The report presented at the 11th Krasnoyarsk economic forum on the 27th of February 2014 is a follow-up to the report Toward the Great Ocean, or the New Globalization of Russia, published by the Valdai Discussion Club in July 2012, and is based on the conclusions drawn in that report.
The principal author of the report is Igor Makarov, lecturer at the National Research University – Higher School of Economics. The coauthors are Professor Oleg Barabanov, Moscow State Institute of International Relations, Timofei Bordachev, Director of the Center for Comprehensive European and International Studies, National Research University – Higher School of Economics, Victor Larin, Director of the Institute of History, Archaeology and Ethnography of the Peoples of the Far East, Far Eastern Branch of the Russian Academy of Sciences, Professor Evgeny Kanaev and Professor Vladimir Ryzhkov, National Research University – Higher School of Economics. The Executive Editor and Head of the Authors’ Group is Sergey Karaganov, Honorary Chairman of the Presidium of the Council on Foreign and Defense Policy.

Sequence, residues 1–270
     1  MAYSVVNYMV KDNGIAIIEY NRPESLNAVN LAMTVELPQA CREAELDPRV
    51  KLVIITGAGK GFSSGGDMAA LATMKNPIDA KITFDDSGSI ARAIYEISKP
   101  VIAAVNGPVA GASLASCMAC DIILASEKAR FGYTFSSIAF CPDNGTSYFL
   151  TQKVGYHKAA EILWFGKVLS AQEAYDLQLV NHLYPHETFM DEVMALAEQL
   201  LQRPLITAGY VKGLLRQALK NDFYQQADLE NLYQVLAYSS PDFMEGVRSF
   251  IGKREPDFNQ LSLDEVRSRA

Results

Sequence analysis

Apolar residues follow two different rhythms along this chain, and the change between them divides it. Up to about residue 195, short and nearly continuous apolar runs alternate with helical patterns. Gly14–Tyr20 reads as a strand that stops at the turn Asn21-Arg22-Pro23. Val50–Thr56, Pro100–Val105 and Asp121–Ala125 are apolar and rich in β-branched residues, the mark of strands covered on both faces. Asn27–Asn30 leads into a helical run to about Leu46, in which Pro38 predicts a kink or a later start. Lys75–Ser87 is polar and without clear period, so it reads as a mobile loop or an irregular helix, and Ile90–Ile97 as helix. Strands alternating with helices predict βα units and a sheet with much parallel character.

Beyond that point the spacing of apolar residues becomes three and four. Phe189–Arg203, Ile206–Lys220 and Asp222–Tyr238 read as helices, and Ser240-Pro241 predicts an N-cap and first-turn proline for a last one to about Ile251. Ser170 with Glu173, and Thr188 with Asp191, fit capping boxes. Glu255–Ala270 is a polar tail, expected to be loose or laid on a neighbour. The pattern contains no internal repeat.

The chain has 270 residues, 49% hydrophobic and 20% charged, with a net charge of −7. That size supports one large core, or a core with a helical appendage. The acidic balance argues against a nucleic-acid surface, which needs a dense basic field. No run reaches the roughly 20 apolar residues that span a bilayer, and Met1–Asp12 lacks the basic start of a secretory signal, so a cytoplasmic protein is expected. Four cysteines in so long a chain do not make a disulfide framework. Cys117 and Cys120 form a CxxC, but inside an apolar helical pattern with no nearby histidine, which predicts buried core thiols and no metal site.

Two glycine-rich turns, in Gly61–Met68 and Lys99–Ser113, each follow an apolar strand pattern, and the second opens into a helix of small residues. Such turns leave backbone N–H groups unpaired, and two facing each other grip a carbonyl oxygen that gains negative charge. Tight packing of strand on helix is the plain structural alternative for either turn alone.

The experts point out that at the level of declarations, Russian politics truly has turned toward the East. The majority of the Russian political and intellectual elite are aware of the importance of stepping up cooperation with the Asia-Pacific Region. However, the Asian vector of Russia’s policy has not yet been filled with real content. The policy of developing the country’s eastern regions has stalled.
Seeing that the development of Siberia and the Russian Far East would be Russia’s window to Asia, the authors argue that the full-scale development of the region requires assessing the main challenges to the region’s development. With an active stance on multilateral negotiating platforms, and using its objective advantages, Russia has made some progress in positioning itself in the APR. The experts suggest that it is now time to adopt a new philosophy for developing the region, based on a sober look at the country’s capabilities. Taking into consideration that natural resources will remain the basis of the new economy of Siberia and the Russian Far East, it is necessary to change significantly the institutional environment when it comes to the development of natural resources in the region, and to open the region to foreign investors, the authors underscore.
The authors conclude that the unprecedented shift of economic power to the Asia-Pacific Region gives Russia a chance to transform the image of Siberia and the Far East – the last frontier of Asia.